Aliens landed in Ballykilduff,
Aliens landed; that is a fact,
In the dark of the night it happened – it did,
At the end of my garden they landed, then hid.
Breda, dear Breda, wake up, will you please?
Something is happening; I am all in a tizz!
Leave me alone, she answered, because I am beat,
With those words on her lips, she fell fast asleep.
Donning my gown and slippers I left,
Her sleeping so soundly as into the kitchen I crept,
Searching for light; the torch, my best friend,
Then into the garden I stealthily went.
Down the long garden, man and torch progressed,
Then I climbed over the fence, into the field with its guests,
Pointing my torch at little grey men,
I saw Aliens a plenty around a UFO, broken.
What are they doing? I wondered out loud,
Signalling my place, my location – and how,
Pointing their guns, the Aliens zapped me with rays,
Blue, yellow and green, orange and grey.
Thinking my time was finished, all gone,
I fell to the ground, awaiting the anon,
Sorry about that, one of them said, helping me up
We thought you were a cow, wanting to gobble us up.
What are you doing? I asked, with curious eyes,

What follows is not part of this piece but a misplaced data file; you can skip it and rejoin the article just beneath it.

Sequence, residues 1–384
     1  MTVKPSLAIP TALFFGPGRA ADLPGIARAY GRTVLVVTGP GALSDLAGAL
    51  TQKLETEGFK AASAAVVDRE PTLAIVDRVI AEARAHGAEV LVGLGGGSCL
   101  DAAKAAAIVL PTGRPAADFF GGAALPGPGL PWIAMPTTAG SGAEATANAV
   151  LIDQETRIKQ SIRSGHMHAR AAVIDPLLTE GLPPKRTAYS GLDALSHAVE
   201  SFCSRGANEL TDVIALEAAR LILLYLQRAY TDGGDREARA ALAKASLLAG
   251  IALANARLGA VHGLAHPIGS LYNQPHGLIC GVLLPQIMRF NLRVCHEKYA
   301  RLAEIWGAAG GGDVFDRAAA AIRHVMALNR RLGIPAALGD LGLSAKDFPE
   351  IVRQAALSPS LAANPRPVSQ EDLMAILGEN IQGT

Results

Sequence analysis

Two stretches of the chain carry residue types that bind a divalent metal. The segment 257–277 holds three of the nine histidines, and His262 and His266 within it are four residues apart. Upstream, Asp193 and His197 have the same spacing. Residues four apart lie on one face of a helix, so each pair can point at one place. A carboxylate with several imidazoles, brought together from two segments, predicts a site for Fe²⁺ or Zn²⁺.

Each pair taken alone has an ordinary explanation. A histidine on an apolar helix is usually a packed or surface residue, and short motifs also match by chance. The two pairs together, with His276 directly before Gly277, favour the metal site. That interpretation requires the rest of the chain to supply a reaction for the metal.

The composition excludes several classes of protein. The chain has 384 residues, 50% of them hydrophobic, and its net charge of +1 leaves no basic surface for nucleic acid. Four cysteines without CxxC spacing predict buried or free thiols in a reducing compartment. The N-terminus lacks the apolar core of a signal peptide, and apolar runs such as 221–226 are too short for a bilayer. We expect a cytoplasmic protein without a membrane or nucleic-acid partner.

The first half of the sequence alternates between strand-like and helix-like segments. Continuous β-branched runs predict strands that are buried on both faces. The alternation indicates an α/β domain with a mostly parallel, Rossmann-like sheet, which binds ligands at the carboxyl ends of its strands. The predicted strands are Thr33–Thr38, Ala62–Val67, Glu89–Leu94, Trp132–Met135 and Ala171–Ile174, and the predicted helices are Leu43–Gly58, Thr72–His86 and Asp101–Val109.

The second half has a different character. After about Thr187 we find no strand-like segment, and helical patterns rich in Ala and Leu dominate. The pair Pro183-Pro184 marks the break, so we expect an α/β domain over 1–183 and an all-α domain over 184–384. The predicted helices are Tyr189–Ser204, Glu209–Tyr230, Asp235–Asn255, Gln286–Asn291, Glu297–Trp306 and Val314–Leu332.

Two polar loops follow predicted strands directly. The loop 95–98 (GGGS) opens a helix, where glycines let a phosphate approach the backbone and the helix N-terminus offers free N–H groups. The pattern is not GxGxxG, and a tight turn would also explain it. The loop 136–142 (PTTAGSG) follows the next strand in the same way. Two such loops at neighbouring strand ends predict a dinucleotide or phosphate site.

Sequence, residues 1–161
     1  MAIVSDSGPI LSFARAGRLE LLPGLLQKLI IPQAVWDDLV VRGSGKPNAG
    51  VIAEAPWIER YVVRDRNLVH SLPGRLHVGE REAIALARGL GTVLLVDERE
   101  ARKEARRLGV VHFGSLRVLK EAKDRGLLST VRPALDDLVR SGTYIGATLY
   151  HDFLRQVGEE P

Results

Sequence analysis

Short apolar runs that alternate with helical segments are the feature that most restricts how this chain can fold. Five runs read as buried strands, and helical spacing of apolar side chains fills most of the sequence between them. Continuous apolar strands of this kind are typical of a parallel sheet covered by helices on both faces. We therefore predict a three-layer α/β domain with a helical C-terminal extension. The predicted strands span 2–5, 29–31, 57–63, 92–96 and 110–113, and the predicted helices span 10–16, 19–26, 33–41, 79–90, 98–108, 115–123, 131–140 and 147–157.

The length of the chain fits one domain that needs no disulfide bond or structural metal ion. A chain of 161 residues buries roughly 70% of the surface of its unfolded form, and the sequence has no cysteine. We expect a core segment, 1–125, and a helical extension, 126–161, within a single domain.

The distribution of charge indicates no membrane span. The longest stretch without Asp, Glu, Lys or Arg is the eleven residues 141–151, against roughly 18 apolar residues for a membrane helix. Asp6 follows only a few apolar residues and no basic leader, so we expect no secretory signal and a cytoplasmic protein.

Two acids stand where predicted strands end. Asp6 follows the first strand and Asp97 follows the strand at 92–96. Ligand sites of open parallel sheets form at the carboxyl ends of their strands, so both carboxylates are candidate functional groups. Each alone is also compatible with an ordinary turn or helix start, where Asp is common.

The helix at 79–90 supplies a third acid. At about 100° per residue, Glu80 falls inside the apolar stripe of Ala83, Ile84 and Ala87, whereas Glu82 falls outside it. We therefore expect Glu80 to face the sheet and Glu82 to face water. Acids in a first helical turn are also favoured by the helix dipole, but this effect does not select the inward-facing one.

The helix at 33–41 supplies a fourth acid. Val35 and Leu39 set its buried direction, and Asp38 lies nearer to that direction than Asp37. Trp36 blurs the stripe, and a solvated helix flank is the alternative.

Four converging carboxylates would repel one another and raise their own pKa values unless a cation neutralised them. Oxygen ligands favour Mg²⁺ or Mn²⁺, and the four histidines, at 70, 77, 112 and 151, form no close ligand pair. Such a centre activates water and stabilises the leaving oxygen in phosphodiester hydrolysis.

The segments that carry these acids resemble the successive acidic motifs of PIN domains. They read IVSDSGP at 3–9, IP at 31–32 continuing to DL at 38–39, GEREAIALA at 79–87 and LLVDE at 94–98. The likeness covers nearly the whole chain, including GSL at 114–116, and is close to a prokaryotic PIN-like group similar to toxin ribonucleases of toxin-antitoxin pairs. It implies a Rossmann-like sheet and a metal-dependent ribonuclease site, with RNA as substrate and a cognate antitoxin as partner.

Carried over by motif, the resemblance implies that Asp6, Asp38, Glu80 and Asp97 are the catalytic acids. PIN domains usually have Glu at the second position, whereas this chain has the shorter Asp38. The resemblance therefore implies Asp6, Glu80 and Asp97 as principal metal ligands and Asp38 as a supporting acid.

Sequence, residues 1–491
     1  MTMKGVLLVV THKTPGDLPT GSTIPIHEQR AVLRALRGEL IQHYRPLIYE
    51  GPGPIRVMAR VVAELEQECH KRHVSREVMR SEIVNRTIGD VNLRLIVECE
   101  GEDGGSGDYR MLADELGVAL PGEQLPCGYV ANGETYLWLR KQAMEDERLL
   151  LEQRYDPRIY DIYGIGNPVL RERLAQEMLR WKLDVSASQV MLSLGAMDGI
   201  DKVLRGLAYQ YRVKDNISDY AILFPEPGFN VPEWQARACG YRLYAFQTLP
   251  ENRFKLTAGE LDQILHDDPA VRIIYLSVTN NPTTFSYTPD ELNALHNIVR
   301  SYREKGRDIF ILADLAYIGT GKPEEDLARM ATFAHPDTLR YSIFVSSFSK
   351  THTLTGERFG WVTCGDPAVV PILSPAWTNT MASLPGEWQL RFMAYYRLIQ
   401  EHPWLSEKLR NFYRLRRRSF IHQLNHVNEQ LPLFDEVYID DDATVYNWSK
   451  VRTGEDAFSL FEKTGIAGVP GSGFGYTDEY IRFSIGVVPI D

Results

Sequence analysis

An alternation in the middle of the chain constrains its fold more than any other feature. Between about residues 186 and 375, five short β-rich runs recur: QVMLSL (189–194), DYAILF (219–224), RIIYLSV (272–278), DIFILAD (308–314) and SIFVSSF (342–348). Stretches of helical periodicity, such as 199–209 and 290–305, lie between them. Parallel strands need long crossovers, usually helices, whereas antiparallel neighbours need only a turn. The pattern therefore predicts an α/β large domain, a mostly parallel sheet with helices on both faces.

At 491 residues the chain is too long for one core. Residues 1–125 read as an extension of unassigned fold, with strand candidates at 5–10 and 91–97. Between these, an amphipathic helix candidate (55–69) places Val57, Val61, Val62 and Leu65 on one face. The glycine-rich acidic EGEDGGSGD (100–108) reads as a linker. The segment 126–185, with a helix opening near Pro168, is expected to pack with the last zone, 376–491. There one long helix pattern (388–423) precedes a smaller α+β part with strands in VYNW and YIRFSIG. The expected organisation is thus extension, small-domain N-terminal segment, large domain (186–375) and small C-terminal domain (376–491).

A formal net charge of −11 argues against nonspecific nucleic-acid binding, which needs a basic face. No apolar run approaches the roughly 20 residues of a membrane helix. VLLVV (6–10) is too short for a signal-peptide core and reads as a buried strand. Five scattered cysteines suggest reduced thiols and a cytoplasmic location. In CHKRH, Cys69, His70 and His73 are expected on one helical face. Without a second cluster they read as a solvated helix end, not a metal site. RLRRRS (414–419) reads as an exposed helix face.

Seeing them cutting the grass and taking it inside,
We are refuelling our spaceship, he told me quite proud,
We get one light year per armful, he said out aloud.
That’s amazing, I said, can I see inside?
Sorry, he answered, it’s too small for your like,
Laughing, I asked if there was anything the need,
Yes, he told me forthrightly, can we have some tea?
Tea? I asked him, you drink tea way up there,
In outer space, with its atmosphere rare?
No, silly, he replied it’s to pour down our boots,
We never travel with them empty, forsooth.
You pour tea down your boots? I laughed out loud,
What does it do, make you fly like a bird?
It does, he told me, how did you know that?
Was your mother or father an alien, or even your cat?
Just then I heard something, someone calling to me,
Gerrard, wake up, its morning; here is your tea,
Opening my eyes, I saw Breda, my wife,
Offering the cup of plenty, tea, my life,
Where are my boots? I asked her, though still half sleep,
I want them, I need them; oh where are they please?
They are under the bed, here, she said offering them to me,
Why do you want them before drinking you tea?
Accepting my boots, I poured in the tea,
What on earth are you doing? she asked warily,
I don’t go anywhere, I told her, without filling them first,
Can I have another cup, I asked, because I sure have a thirst.
The moral of my story is this:
Don’t go anyway near Ballykilduff, GIVE IT A MISS,
For strange things are going on down that neck of the woods,
Like Aliens driving campervans – and Fiats, to boot,
SOME PEOPLE CALL ME THE NEW ROALD DAHL.
I DON’T CARE WHAT YOU CALL ME
AS LONG AS YOU ENJOY READING MY STORIES.